A recent article in The Wall Street Journal (May 13, 2008) provides an excellent overview of the growing body of information about “mindful eating.” Two quotes from the article will give you an idea of what all the excitement is about:
Chronic dieters in particular have trouble recognizing their internal cues, says Jean Kristeller, a psychologist at Indiana State, who pioneered mindful eating in the 1990s. “Diets set up rules around food and disconnect people even further from their own experiences of hunger and satiety and fullness,” she says.
“Try to eat one meal or one snack mindfully every day,” advises Jeffrey Greeson, a psychologist with the Duke program. “Even eating just the first few bites mindfully can help break the cycle of wolfing it down without paying any attention.”
The article highlights research which demonstrates that mindful eating can reduce binge eating. Research to test whether mindful eating can be taught in a way to help people lose weight or maintain a desired weight is underway.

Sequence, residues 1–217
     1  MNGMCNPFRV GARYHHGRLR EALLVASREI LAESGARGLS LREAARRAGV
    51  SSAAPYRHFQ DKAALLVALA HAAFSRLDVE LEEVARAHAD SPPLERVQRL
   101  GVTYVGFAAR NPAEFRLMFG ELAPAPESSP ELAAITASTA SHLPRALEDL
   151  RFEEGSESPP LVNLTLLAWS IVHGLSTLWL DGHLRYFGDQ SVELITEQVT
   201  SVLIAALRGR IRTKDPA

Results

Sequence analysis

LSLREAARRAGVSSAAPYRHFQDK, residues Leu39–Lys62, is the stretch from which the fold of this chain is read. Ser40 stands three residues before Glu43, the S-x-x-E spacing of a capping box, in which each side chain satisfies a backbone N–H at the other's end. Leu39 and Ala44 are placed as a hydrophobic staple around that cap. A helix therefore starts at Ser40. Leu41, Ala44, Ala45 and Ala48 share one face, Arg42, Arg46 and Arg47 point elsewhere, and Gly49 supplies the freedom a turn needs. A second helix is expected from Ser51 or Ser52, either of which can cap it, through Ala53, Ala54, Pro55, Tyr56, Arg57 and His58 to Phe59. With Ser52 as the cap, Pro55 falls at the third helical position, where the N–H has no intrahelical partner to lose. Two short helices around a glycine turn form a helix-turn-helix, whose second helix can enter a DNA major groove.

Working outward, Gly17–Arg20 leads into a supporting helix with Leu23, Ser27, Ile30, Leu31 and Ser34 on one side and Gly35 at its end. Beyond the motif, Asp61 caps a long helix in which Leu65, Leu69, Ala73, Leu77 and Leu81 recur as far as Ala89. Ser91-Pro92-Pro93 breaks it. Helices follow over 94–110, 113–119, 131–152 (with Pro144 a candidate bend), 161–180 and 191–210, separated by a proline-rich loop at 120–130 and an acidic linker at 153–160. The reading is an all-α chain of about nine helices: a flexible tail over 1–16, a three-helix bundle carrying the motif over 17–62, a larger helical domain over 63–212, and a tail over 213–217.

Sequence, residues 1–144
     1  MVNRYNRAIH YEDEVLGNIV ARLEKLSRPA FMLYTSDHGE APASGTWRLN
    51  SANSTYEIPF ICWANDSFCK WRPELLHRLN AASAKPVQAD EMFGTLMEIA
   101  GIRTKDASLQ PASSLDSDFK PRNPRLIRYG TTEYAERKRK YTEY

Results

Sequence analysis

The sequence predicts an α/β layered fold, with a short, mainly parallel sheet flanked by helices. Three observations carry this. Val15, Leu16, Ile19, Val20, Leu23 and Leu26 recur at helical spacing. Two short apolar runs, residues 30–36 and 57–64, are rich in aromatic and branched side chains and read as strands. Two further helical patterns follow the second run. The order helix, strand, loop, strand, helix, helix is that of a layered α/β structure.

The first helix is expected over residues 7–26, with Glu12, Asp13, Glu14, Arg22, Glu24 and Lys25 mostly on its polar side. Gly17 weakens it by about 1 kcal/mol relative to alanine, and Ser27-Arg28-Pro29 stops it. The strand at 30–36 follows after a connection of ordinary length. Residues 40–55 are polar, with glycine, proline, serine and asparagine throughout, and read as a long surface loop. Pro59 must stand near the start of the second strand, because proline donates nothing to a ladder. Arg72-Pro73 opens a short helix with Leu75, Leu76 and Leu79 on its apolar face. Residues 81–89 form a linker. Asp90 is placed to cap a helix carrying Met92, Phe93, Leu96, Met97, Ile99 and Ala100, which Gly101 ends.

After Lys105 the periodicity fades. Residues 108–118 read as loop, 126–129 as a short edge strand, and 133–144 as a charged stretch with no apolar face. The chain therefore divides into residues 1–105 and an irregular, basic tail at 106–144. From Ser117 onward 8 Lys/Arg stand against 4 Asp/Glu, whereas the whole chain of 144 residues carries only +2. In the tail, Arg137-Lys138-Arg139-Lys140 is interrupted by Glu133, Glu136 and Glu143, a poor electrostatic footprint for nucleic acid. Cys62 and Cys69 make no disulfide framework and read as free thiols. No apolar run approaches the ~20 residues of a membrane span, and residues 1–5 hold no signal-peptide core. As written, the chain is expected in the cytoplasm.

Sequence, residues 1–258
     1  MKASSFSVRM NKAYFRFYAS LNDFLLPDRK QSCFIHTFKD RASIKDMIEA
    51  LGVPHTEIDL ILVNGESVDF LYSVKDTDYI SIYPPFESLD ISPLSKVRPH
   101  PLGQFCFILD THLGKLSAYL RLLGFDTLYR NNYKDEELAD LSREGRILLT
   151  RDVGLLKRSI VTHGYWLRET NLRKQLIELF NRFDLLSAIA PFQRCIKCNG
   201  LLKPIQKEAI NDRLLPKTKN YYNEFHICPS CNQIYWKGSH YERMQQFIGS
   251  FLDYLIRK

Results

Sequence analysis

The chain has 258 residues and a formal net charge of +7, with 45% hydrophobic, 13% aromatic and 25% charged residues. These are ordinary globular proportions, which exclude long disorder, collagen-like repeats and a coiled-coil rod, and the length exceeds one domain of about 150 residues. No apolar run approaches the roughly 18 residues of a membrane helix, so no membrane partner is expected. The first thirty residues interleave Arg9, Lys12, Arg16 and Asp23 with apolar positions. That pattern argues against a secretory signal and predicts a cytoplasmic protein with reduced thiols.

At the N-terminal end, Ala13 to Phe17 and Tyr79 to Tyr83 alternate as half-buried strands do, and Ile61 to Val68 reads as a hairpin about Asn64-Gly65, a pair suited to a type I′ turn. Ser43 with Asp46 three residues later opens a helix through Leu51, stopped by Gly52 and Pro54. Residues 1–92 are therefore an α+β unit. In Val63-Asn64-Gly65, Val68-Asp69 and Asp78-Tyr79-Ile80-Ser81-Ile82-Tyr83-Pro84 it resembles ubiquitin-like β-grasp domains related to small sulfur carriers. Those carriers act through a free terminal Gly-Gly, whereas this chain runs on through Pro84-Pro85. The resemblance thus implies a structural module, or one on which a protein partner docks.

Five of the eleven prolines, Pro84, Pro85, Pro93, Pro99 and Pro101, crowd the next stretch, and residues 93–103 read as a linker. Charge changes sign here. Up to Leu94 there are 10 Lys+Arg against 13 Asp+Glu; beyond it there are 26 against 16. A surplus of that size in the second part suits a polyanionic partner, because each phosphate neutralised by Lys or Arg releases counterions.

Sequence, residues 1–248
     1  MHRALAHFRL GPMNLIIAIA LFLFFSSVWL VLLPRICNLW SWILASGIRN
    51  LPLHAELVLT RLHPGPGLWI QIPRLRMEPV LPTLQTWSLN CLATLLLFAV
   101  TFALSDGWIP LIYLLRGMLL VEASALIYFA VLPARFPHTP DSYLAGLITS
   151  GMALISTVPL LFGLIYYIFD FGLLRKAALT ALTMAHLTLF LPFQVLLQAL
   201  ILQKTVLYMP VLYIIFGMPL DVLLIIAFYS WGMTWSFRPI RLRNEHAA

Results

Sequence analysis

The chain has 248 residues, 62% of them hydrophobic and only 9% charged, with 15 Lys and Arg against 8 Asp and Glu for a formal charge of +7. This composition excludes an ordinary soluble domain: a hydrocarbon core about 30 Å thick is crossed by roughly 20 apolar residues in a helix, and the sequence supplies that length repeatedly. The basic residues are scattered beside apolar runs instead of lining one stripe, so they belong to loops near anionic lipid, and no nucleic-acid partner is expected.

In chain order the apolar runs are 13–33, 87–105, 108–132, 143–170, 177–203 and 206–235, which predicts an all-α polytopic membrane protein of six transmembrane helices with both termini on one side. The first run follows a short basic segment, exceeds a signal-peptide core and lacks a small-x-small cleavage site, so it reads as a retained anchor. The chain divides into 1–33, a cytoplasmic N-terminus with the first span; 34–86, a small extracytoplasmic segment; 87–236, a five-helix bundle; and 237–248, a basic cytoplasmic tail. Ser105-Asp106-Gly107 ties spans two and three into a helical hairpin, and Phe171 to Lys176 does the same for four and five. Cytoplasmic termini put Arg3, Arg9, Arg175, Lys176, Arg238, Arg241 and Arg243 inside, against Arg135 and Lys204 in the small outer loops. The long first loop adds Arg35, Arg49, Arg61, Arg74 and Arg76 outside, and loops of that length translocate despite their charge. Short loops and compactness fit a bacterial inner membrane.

Here are some more links to sites and books that discuss mindful eating and mindless munching:
The Mindless Method program (Dr. Wansink)
the CAMP System (Control, Attitudes, Mindful eating, Portions)
book: Mindless Eating: Why We Eat More Than We Think (by Brian Wansink)
helpful blog post on Emotional Eating and Mindful Eating
book (by me): Weight Management for Your Life
There are many other resources and books about mindful eating, but these should get you started (I don’t have any direct experience with the programs listed above, but they look interesting; I do know Brian Wansink is an expert in the field of eating behavior).
I agree that mindful eating can be a powerful tool and one of several ways we can take more control over our lives and the decisions we make.
Please write a comment about your experience with mindful (or mindless) eating.